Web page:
Anthony Stapley

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Anthony Stapley
Born 30 August 1590
Died before 31 January 1655 (age 64)

Anthony Stapley (born 30 August 1590–buried 31 January 1655) was one of the regicides of King Charles I of England.[1]

Stapley was M.P. for New Shoreham (1624–1625), Lewes (1628), Sussex (1640, 1653–1654). He was colonel and governor of Chichester (1642–1645) and signed the death-warrant of Charles I. He was a member of Council of State in 1649–1653, vice-admiral of Sussex in 1650 and a member of interim council and of supreme assembly in 1653.[2]

Biography[edit]

Stapley was baptised at Framfield on 30 August 1590, was the son of Anthony Stapley of Framfield, Sussex, by his third wife, Ann, daughter of John Thatcher of Priesthawes, Sussex. The Stapley family removed about 1615 from Framfield to Patcham. Anthony about 1640 gave £10 to the new building at Christ's College, Cambridge, and was probably educated there.[3][4]

Stapley represented the borough of New Shoreham in the parliaments of 1624 (elected 21 January 1624) and of 1625 (elected 2 May), and the borough of Lewes in that of 1628 (elected 26 February 1628), having unseated Sir George Rivers by petition. He was returned both for the county of Sussex and for the borough of Lewes to the Short Parliament in March 1640, when he elected to sit for the county. He was again chosen by the county on 22 October 1640 to sit in the Long Parliament, and represented it in the Barebones Parliament of 1653 and the First Protectorate Parliament of 1654.[1]

In January 1640 Stapley, then a justice of the peace, was reported to Dr. William Bray, Archbishop Laud's chaplain, as causing trouble to the churches by his puritan leanings. On the outbreak of the English Civil War he received a colonel's commission in the parliamentary army, and was present at the siege of Chichester in December 1642 under Sir William Waller. He was left as governor of the town and garrison when Waller moved on to the siege of Arundel Castle. On 22 September 1643 he took the covenant. At the beginning of 1644 he raised objections to the quartering in the town of some of Waller's horse. The dispute was referred to a committee of the House of Commons, and finally to the committee of both kingdoms on 26 February He was ordered by both bodies to observe Waller's commands. While detained in London he was exonerated from all blame in the event of disaster at Chichester. He resumed the command of the town and garrison at the termination of the proceedings early in March. He retained his governorship till 1645, when he was succeeded by Colonel Algernon Sidney. In January 1644 he was deputy lieutenant of the county of Sussex.[1]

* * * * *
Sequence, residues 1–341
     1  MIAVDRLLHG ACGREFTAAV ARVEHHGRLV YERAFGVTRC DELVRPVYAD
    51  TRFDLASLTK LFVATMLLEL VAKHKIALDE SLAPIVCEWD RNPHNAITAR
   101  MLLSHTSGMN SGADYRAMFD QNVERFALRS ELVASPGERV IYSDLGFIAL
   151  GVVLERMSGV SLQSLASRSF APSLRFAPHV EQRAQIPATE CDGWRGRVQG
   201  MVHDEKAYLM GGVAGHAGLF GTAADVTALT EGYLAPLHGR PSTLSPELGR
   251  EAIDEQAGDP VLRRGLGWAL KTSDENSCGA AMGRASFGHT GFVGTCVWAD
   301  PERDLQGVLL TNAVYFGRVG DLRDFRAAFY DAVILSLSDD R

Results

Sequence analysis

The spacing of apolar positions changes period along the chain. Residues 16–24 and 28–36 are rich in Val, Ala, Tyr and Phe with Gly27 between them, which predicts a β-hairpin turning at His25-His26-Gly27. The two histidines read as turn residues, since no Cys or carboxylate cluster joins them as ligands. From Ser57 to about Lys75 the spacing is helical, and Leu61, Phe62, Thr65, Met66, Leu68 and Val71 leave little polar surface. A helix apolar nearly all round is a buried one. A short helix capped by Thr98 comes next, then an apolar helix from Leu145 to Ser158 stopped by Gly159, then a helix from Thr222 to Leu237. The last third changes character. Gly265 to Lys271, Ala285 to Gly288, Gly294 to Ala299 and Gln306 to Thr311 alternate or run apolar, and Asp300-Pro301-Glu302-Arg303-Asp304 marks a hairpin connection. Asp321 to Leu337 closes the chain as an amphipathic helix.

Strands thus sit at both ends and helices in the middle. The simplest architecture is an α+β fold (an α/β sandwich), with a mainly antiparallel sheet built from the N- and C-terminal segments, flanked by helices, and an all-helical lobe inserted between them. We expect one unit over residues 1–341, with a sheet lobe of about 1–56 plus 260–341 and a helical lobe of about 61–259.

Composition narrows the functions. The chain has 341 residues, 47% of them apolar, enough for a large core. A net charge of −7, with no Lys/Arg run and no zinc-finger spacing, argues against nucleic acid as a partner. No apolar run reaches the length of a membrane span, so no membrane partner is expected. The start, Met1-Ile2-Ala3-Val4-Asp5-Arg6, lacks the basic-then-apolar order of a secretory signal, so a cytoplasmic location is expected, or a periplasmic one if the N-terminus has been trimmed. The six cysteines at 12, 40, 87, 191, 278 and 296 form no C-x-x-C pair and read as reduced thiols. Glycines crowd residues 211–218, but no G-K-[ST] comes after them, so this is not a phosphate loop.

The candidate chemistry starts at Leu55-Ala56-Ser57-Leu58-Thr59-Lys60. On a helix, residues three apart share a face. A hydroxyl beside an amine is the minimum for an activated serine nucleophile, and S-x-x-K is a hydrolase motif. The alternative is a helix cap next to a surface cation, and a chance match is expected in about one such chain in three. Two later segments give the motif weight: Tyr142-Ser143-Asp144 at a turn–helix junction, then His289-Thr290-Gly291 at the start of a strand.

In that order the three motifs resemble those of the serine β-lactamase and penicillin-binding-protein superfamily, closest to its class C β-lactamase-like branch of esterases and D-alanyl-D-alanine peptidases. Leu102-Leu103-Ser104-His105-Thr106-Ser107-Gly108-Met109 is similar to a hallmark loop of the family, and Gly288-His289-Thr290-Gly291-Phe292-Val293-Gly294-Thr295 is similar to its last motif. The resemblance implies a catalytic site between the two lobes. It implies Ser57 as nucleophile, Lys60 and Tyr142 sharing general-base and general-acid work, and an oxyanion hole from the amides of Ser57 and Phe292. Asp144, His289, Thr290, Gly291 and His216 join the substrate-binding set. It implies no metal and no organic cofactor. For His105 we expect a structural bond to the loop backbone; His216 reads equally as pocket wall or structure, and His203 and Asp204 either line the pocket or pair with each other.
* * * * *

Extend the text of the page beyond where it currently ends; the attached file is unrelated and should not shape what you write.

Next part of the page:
Stapley was one of the commissioners who sat in judgement on Charles I during his trial for high treason. Stapley was present at Westminster Hall on 27 January 1649 when sentence was pronounced, and signed the death-warrant on 29 January. He was elected a member of the first Council of State of the Commonwealth on 17 February 1649 (when he signed the engagement), and re-elected on 17 February 1649–1650, 25 November 1651, 30 November 1652, and 9 July 1653. He was one of Cromwell's interim council of thirteen (29 April to 14 July 1653), and of the supreme assembly called on 6 June 1653. He had joined the admiralty committee of the committee of both kingdoms on 6 June 1649, was nominated vice-admiral for the county of Sussex on 22 February 1650, and took the oath of secrecy the following day. He died early in 1655, and was buried at Patcham on 31 January. At the Restoration he was one of the regicides notified as dead, and excepted from the act of Pardon and Oblivion of 6 June 1660 (which meant that his estate was subject to confiscation).[1]

Family[edit]

Stapley married Ann, daughter of George Goring of Danny, and sister of George, Lord Goring. She was buried at Patcham on 11 November 1637. By her Stapley had three sons and one daughter. Stapley married a second wife, "Dame Anne Clarke", who predeceased him on 15 January 1654. Sir John Stapley (1628–1701), the second but eldest surviving son abandoned the political views of his father, became entangled in a plot for the return of Charles II as did his brother Antony.[1]

Notes[edit]

  1. ^ a b c d e Porter 1898, p. 105.
  2. ^ Lee 1903, p. 1238.
  3. ^ "Stapley, Anthony (STPY590A)". A Cambridge Alumni Database. University of Cambridge. 
  4. ^ Porter 1898, pp. 104–105.

References[edit]

Attribution
  •  This article incorporates text from a publication now in the public domainLee, Sidney, ed. (1903). "Stapley, Anthony". Dictionary of National Biography Index and Epitome. Cambridge University Press. p. 1238. 
  •  This article incorporates text from a publication now in the public domainPorter, Bertha (1898). "Stapley, Anthony". In Lee, Sidney. Dictionary of National Biography 54. London: Smith, Elder & Co. pp. 104–105.  cites:
    • Berry's County Genealogy—Sussex, p. 85;
    • Sussex Archæological Collections, i. 36, iv. 300, v. 88–91, xvi. 78, 108–9, 113, 116, 119–20;
    • Masson's Milton, iv. 13, 224, 354, 446, 501, 505, 523;
    • Commons' Journals, i. 878, iii. 362, 401, 403, 616, vi. 146, vii. 37, 42, 303, viii. 61;
    • Official List of Members of Parliament;
    • Cal. of State Papers, Dom. 1639 to 1654 passim;
    • Vicars's Jehovah-Jireh, pp. 234–40;
    • Dallaway's Western Sussex, vol. i. pp. 14, 20, vol. II. pt. i. p. 28;
    • Rushworth's Memorials, III. ii. 480;
    • Nalson's Trial of Charles I;
    • Mark Noble, Lives of the Regicides, pp. 240–6;
    • Thomas Walker Horsfield's Sussex, ii. app. pp. 49, 55;
    • Thurlow State Papers (Birch), passim;
    • Macrae's Cal. of Clarendon State Papers, iii. 281, 312, 358, 374, 388–9, 405;
    • Clarendon's Hist. of the Rebellion (Macrae), vi. 58–9, 63;
    • Burke's Extinct Baronetage;
    • P. C. C. 189 (Aylett);
    • Registers of Patcham, Addit. MS. 5698, f. 118.

Further reading[edit]